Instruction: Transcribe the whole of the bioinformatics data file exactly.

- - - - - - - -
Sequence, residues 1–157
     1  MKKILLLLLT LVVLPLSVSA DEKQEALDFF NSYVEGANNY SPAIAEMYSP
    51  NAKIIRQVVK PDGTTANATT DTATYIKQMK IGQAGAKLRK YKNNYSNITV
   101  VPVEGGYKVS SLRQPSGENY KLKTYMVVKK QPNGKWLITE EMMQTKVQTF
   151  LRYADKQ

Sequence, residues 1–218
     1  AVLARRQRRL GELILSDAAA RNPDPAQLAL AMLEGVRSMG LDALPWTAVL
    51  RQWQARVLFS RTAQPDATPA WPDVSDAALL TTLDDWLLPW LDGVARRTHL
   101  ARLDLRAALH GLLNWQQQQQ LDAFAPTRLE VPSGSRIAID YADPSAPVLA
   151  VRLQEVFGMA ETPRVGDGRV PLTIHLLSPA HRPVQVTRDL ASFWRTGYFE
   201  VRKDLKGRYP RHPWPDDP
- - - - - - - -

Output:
Sequence, residues 1–157
     1  MKKILLLLLT LVVLPLSVSA DEKQEALDFF NSYVEGANNY SPAIAEMYSP
    51  NAKIIRQVVK PDGTTANATT DTATYIKQMK IGQAGAKLRK YKNNYSNITV
   101  VPVEGGYKVS SLRQPSGENY KLKTYMVVKK QPNGKWLITE EMMQTKVQTF
   151  LRYADKQ

Sequence, residues 1–218
     1  AVLARRQRRL GELILSDAAA RNPDPAQLAL AMLEGVRSMG LDALPWTAVL
    51  RQWQARVLFS RTAQPDATPA WPDVSDAALL TTLDDWLLPW LDGVARRTHL
   101  ARLDLRAALH GLLNWQQQQQ LDAFAPTRLE VPSGSRIAID YADPSAPVLA
   151  VRLQEVFGMA ETPRVGDGRV PLTIHLLSPA HRPVQVTRDL ASFWRTGYFE
   201  VRKDLKGRYP RHPWPDDP